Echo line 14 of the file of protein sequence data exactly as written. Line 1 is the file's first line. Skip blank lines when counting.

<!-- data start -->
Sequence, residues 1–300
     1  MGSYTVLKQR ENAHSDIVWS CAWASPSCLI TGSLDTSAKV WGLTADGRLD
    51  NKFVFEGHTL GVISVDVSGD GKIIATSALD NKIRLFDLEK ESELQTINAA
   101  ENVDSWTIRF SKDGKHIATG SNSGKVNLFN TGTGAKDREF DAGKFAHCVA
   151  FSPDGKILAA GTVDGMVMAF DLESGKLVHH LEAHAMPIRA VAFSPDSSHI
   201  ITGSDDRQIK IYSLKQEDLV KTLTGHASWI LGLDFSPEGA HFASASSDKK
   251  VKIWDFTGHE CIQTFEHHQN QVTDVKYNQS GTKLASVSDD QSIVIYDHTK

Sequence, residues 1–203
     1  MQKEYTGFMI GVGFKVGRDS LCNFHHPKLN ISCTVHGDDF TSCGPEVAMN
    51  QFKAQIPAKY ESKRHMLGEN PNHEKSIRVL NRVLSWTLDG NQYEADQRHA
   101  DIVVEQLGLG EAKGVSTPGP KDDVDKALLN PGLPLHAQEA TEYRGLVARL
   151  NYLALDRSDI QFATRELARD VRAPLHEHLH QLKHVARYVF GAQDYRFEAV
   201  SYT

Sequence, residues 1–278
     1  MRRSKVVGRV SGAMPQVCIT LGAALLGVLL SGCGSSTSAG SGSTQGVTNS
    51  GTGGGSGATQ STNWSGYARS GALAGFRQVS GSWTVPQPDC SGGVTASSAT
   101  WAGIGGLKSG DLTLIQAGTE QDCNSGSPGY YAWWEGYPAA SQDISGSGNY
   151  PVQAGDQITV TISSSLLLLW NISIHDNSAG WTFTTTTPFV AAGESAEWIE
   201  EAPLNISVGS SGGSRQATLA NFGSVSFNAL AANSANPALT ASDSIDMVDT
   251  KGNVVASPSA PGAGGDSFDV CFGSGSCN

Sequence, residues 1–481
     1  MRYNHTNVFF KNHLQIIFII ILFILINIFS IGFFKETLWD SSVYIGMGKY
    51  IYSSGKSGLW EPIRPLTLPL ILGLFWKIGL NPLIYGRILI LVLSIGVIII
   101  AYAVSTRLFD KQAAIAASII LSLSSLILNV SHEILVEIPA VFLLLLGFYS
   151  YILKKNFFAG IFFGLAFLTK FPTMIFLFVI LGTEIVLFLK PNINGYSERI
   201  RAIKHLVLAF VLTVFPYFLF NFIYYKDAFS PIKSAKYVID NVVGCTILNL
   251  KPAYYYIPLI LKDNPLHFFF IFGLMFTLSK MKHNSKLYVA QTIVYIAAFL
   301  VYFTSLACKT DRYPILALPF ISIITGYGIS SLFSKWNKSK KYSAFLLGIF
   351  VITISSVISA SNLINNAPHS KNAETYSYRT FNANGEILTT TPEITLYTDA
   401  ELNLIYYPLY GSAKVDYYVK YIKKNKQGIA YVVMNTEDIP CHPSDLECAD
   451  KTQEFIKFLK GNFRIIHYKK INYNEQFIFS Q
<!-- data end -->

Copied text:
Sequence, residues 1–278